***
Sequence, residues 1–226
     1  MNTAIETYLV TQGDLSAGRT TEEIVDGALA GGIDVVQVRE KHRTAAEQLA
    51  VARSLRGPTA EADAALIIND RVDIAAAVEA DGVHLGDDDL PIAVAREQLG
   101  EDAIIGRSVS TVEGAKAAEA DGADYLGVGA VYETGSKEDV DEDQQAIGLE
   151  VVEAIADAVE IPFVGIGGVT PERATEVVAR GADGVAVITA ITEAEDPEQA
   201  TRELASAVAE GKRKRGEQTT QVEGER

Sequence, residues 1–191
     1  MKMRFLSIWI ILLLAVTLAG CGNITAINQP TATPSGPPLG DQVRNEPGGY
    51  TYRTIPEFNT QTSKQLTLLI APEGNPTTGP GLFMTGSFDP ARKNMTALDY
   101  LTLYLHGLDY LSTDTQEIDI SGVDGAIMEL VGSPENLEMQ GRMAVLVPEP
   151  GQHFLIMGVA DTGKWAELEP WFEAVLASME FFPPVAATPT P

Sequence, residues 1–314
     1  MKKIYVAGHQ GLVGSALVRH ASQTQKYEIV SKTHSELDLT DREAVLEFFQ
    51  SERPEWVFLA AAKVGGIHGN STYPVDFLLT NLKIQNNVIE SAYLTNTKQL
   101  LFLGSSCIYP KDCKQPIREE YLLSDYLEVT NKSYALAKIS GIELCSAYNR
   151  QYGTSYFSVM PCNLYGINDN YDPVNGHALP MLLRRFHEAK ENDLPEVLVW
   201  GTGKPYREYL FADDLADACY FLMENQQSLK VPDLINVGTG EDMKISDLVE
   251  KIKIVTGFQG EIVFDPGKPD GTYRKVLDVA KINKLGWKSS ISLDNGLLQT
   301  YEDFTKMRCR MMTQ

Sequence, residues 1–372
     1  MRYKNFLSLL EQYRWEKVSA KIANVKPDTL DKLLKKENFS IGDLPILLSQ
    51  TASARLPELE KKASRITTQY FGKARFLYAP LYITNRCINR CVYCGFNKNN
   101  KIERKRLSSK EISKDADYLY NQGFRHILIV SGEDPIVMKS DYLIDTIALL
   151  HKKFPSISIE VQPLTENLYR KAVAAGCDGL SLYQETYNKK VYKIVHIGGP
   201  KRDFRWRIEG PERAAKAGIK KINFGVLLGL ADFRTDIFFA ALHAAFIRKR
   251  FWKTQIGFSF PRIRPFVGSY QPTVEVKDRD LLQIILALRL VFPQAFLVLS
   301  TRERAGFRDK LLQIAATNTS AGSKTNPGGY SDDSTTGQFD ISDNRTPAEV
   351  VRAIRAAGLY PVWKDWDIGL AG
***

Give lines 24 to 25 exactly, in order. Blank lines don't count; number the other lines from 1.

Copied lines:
   151  HKKFPSISIE VQPLTENLYR KAVAAGCDGL SLYQETYNKK VYKIVHIGGP
   201  KRDFRWRIEG PERAAKAGIK KINFGVLLGL ADFRTDIFFA ALHAAFIRKR